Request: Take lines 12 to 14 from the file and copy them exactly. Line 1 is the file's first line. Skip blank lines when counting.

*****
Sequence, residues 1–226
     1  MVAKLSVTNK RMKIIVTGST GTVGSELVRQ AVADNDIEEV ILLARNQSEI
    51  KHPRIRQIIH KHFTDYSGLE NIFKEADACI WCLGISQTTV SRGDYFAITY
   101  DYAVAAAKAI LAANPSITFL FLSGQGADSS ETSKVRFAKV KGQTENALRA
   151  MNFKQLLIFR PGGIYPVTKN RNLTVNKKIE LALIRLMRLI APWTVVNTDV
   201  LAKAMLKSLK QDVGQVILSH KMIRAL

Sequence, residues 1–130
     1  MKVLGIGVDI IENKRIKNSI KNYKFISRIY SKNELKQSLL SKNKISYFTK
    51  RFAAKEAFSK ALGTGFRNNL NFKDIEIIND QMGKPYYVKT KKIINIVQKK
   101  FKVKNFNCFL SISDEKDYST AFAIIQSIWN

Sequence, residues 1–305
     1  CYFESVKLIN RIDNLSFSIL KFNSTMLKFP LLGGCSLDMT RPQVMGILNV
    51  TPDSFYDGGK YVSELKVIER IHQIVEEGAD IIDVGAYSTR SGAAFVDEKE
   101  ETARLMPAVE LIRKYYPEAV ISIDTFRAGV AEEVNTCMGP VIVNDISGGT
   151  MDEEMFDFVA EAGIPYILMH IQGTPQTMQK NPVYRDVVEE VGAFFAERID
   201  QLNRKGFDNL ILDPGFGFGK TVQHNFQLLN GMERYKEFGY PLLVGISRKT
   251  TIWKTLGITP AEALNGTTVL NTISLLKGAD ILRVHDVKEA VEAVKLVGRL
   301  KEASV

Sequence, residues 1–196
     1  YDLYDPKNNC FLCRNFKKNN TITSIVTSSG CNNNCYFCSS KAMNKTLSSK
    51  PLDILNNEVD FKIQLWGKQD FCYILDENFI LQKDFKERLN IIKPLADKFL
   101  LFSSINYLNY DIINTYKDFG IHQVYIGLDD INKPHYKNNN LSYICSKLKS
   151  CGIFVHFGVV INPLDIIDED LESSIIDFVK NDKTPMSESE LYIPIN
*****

     1  CYFESVKLIN RIDNLSFSIL KFNSTMLKFP LLGGCSLDMT RPQVMGILNV
    51  TPDSFYDGGK YVSELKVIER IHQIVEEGAD IIDVGAYSTR SGAAFVDEKE
   101  ETARLMPAVE LIRKYYPEAV ISIDTFRAGV AEEVNTCMGP VIVNDISGGT